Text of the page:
Director: Louis Morneau
So, I like a good movie about people being attacked by animals. This is that. It will not surprise you that Bats (1999) is about bats. Attacking people. And the people who are quite cross that they are being attacked by bats.
Mutant bats, but bats.
So, anyway, it's about pretty much nothing else. There's no real sub-text. It's just a movie about trying to stop bats from eating you and the medley of challenges that arise in the pursuit of stopping bats. No intentional analogies, but it IS about bats with a weaponized virus that is accidentally released, and threatens to doom humanity if not contained and.... ehhhhh..... that reads pretty weird here in 2023.
It borrows heavily from Alien and Aliens from sound FX to character choices. The bats are shown in close-up, they are terrific puppets, and I have no notes. Love the bats. Well done. The movie never lets itself think it needs sub-plots, so expect no romance. But I do think they must have decided to do some green-screened insert shots in a few dialog bits, because it really seems like the lighting is weird and the characters are shot in a weird single mid-shot dead center of the frame dropping jokes or whatever. Maybe the first go-round was too grim for what it was?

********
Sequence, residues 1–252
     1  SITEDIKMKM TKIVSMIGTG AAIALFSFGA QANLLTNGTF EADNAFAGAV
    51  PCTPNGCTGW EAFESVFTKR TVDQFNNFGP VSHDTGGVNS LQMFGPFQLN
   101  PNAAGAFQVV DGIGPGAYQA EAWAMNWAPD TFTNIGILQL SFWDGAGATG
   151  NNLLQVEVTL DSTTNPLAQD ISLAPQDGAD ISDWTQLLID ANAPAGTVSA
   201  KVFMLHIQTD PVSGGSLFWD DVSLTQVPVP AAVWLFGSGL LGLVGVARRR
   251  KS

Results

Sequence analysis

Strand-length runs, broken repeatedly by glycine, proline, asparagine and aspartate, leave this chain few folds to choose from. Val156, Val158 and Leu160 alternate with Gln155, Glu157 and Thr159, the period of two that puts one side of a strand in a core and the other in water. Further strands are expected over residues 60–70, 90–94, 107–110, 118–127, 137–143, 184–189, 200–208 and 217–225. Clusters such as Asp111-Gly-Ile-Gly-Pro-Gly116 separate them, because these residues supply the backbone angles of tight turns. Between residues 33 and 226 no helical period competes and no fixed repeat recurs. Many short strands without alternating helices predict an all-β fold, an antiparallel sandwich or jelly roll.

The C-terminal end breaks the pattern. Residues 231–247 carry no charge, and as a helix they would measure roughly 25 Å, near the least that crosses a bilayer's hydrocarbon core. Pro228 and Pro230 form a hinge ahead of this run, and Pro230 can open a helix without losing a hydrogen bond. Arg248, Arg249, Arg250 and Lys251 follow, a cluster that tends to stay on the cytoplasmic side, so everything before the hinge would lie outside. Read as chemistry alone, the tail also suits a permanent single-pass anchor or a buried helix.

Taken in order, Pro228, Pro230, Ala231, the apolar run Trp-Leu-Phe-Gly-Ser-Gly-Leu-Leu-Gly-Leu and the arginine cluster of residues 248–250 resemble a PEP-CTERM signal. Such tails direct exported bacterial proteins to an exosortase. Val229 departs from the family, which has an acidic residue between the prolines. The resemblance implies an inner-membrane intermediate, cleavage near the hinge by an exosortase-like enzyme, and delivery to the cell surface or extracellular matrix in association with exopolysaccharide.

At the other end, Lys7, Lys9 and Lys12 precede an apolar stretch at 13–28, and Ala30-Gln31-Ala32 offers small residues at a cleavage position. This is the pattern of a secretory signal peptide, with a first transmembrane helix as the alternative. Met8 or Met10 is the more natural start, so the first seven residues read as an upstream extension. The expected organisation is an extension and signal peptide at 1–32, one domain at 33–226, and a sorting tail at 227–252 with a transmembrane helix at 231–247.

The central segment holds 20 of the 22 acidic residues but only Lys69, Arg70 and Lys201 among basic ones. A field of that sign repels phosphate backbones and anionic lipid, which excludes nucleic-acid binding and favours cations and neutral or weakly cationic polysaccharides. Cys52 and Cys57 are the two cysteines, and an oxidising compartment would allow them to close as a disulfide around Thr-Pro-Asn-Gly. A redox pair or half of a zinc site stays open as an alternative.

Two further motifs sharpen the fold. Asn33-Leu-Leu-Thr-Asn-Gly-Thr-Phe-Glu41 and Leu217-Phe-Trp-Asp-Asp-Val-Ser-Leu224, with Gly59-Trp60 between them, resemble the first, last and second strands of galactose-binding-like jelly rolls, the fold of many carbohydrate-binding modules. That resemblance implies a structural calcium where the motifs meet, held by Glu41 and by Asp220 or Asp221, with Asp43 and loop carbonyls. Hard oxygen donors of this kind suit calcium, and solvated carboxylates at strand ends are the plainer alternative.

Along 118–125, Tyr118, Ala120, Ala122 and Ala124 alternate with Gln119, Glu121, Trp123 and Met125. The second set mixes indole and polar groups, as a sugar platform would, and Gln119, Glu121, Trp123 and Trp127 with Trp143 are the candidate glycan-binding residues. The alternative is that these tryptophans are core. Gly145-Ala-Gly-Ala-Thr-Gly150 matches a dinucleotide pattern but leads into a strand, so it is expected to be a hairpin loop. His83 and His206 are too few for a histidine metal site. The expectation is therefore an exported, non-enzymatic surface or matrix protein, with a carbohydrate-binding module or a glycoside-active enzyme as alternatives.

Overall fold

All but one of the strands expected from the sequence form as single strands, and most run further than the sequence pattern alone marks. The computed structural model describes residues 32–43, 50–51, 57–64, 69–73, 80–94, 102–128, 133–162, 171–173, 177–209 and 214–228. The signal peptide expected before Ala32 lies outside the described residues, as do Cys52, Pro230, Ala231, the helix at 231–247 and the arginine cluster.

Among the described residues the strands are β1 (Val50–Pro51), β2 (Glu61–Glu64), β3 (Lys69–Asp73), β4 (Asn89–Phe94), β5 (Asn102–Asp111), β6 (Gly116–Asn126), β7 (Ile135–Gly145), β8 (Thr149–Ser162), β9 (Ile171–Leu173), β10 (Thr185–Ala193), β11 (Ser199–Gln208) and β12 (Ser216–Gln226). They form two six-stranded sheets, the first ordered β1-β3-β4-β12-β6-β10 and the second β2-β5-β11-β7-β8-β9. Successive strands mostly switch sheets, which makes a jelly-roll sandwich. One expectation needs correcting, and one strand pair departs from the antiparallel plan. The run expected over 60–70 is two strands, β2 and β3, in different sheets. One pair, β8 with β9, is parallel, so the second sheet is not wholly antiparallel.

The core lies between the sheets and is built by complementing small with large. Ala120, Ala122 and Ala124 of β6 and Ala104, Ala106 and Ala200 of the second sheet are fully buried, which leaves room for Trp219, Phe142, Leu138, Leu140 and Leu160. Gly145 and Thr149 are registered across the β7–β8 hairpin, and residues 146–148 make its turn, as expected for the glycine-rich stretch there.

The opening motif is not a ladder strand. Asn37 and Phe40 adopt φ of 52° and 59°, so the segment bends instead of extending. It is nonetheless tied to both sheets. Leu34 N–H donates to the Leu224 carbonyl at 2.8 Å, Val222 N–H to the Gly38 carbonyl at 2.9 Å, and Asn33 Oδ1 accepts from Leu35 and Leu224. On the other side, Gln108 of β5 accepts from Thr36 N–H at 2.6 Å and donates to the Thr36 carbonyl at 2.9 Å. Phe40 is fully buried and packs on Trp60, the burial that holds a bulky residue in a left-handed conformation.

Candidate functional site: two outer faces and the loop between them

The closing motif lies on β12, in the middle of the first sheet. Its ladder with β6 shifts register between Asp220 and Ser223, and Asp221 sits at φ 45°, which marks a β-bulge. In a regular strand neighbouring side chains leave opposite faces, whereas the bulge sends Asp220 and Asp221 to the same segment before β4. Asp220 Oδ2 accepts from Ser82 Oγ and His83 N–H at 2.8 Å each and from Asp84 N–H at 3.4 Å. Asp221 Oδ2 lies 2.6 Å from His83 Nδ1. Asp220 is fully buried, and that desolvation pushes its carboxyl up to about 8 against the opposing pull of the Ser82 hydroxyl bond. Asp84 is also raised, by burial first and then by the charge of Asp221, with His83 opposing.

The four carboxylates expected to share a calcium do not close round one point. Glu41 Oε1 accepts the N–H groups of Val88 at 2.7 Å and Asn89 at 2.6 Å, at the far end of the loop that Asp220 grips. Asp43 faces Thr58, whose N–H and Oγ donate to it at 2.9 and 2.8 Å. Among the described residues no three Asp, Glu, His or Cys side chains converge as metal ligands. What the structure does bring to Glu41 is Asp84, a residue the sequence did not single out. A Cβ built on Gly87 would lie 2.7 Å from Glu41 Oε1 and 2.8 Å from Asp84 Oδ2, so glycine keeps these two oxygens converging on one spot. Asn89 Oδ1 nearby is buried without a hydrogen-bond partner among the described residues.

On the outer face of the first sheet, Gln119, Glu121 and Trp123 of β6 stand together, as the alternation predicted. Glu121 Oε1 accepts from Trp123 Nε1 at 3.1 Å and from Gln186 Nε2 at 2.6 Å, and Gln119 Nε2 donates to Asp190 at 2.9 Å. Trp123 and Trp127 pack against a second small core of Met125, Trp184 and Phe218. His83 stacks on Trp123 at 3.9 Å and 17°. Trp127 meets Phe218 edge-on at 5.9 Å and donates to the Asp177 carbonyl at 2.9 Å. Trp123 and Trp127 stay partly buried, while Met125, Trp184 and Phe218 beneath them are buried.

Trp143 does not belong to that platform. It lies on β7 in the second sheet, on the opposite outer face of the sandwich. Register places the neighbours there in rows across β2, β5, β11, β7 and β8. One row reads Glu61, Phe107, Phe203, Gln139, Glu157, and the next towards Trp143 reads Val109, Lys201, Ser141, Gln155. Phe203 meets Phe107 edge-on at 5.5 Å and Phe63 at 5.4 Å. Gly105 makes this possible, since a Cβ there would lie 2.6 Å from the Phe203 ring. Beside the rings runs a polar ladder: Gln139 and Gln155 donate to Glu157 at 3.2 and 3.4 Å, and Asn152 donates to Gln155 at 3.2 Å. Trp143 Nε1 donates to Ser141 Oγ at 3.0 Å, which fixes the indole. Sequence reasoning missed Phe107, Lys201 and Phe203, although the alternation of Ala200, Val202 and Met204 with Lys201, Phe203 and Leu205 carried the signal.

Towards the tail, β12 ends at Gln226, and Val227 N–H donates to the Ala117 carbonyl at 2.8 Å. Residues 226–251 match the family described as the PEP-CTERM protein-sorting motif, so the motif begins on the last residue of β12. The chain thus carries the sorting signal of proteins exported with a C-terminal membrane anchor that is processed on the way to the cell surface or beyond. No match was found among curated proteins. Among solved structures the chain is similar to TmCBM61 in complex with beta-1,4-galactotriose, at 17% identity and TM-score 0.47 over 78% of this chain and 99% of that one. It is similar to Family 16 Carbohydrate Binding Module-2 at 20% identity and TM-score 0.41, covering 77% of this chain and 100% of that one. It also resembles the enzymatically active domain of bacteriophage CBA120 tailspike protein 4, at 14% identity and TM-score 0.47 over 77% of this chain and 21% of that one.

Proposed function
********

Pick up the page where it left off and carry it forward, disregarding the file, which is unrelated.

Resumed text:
This isn't a criticism, but Lou Diamond Phillips was featured less prominently than I'd figured or hoped for - he's in it, but he's featured supporting. Our star is Dina Meyer, who was having a moment in Hollywood, but they chose to straighten her magnificent curls, and I am against that decision.
|she's lovely here, but just sort of bleeds into the wall-paper of 1990's young female white-girl actors|
|just look at those spectacular locks|
Anyway - I actually liked the movie! It did what I hoped it would do. It didn't weigh itself down with misguided moralizing, and it set up an internal logic and stuck to it. Animals got the upper hand for a while and the puppets were neat.
There's probably more to say about Dina Meyer as a star, but we'll save that for another day. And certainly LDP, who is always good. And there's a dissertation worth of discussion about the mononymous Leon playing "Jimmy" and the role of African-American males in horror and horror-adjacent films, especially in the late 90's as audiences expected tropes to be addressed.